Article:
I know we have a range of interest levels when it comes to development in our neighbourhoods. Some of you get very involved in the process, while others aren’t as inclined. However you feel about development, these Bills have major impacts on the City’s bottom line and therefore on your wallets. You might want to voice your concern. Bills 108 and 109 change the planning process in two main areas. The first, which has the greatest potential to impact your quality of life, is the changes to development charges and community benefits that help accommodate population growth in our city. The second, which is getting the most airplay, is the changes to the approval and appeals process at the Ontario Land Tribunal (OLT). Let’s start with development charges.

Development charges (DCs) exist to make sure that growth pays for growth. They cover the cost of upgrading our infrastructure, like our roads and sewers, to make sure they can accommodate thousands of new Torontonians every year. Since amalgamation, the City of Toronto has been struggling to make our development charges (DCs) match the real cost of growth. When the Province ordered us to amalgamate, it gave the City one shot to set a DC rate. For whatever reason, that first Toronto City Council set our rates relatively low compared to the rest of the GTA. We get to review these charges every five years, and we’ve been incrementally raising our DCs ever since to try to catch up. Despite this, we’re still behind other GTA municipalities, and still slightly behind the rising cost of infrastructure. Under Bill 108, the DCs and Section 37 Benefits we currently receive to accommodate growth will be combined into one single charge, called Community Benefit Charges (CBCs). Paired with changes from Bill 109, the direct financial compensation the City receives from developers to pay for growth will be reduced to about one third of what it is now.

Click on the image to view a larger version.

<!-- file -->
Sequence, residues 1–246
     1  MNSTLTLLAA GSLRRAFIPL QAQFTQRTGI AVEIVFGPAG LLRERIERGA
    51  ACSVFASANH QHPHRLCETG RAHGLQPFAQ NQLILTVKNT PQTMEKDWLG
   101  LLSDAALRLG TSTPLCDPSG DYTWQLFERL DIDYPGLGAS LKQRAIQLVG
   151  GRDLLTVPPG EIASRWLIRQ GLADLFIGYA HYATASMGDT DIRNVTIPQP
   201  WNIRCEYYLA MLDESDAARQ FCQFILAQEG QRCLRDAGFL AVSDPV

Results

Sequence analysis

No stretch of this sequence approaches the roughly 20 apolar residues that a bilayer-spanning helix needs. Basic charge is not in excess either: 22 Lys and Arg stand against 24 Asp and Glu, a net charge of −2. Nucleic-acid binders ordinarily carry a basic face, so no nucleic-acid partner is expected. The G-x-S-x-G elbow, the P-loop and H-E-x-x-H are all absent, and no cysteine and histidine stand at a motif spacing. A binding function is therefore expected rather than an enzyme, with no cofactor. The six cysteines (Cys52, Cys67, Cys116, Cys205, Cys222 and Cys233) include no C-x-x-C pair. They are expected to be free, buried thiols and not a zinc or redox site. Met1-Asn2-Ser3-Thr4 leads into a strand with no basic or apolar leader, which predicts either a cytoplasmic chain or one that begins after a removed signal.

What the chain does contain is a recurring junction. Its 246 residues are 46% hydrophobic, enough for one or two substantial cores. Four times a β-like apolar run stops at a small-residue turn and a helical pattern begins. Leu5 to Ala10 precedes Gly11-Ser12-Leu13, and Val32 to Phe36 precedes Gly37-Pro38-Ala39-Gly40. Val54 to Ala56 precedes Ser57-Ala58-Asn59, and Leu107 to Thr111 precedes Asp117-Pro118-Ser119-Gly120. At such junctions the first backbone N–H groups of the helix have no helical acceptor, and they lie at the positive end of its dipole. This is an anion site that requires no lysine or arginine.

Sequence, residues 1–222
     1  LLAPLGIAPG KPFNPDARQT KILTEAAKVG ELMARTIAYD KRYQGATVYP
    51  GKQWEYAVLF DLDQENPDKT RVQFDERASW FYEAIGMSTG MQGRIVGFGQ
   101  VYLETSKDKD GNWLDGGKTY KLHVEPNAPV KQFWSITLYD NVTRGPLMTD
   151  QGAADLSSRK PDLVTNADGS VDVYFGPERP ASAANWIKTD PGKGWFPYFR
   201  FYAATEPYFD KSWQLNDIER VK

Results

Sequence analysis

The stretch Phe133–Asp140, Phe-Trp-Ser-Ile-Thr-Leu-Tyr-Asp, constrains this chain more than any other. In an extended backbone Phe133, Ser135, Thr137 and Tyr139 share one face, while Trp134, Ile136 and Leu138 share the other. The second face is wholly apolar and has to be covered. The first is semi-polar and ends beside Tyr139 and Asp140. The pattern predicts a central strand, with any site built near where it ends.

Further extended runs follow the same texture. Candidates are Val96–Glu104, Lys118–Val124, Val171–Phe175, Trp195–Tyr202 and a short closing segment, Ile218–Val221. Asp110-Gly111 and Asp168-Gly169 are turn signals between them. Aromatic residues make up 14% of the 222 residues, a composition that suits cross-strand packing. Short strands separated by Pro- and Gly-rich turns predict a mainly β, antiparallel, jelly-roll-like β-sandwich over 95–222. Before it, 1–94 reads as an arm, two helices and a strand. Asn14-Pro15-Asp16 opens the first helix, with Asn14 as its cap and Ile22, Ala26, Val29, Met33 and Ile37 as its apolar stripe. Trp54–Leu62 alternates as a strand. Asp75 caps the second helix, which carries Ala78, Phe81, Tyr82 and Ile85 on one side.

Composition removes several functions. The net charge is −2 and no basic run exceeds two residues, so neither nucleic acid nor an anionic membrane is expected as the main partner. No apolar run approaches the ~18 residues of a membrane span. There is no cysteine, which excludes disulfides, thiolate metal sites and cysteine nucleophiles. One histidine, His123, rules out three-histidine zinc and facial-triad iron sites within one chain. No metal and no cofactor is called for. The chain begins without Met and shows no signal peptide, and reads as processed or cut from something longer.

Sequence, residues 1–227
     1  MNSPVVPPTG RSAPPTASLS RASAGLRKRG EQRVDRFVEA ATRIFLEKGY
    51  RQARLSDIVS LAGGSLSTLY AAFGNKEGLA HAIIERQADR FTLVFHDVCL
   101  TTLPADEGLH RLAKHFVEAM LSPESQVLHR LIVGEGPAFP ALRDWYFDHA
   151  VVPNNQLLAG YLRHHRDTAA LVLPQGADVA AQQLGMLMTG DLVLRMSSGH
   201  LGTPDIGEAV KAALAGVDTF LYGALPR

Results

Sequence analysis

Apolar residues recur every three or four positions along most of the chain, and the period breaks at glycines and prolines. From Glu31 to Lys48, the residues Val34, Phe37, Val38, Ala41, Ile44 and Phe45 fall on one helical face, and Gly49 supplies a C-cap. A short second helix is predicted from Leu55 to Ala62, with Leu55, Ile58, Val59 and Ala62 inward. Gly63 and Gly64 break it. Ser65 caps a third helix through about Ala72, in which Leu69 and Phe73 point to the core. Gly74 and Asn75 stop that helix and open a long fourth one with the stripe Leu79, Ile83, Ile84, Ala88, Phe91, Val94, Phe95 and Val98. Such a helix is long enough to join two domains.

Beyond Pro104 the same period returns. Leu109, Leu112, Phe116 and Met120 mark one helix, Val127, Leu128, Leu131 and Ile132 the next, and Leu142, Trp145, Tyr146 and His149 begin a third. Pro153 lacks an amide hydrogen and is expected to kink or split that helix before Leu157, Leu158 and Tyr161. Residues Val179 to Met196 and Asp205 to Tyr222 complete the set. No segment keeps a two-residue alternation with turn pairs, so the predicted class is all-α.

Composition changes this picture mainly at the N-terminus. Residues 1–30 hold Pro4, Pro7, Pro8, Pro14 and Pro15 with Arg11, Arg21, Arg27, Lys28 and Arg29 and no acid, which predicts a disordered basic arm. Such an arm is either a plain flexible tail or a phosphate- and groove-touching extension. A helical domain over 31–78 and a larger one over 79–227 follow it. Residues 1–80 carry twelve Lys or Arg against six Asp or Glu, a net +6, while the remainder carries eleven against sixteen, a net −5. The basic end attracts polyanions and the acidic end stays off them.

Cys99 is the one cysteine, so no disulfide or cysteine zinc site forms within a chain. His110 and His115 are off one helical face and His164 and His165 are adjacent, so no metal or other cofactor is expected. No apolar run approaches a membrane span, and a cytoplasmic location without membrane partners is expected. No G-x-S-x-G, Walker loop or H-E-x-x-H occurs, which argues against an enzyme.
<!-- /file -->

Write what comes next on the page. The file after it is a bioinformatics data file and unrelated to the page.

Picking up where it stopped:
These financial changes will take effect on January 1, 2023. Worse still, the changes will apply to developments based on when they’re approved by Council or the OLT, not based on when they first applied. Here in Don Valley North, we have development applications that are being held up at the OLT until as late as June 2023. Bill 108 means that if one of these developers had offered, for example, $2.5 million for community impacts when they applied in 2022, by the time the OLT hearing is complete in 2023 the developer will only have to pay about $850,000. I can’t stress enough how much of a loss this is for our community. The second change has to deal with the appeals process itself. I understand that any Provincial government needs an appeals process. However, we need to ask ourselves who these rule changes are made for. In this case, the changes seem like they are very much for developers and not for the community. To give a brief history lesson, in my time as Councillor the Provincial process for development appeals has gone from terrible, to slightly better, to really promising, and now we’re right back to terrible. It’s also gone through several name changes. The old Ontario Municipal Board (OMB) conducted what were called De Novo hearings, where they would consider an application from scratch and ignore any work that had been done with the community. Most OMB decisions were in favour of the developer. In 2017, the OMB was abolished and replaced with the Local Planning Appeal Tribunal (LPAT). Let me tell you, City planners jumped for joy when they heard the news. The new LPAT would only let developers appeal if they could prove that a municipality had made a legal error or contradicted the Province’s planning policy. Even more significantly, the LPAT required developers and cities to work together until a mutually agreed upon settlement could be reached on all planning appeals.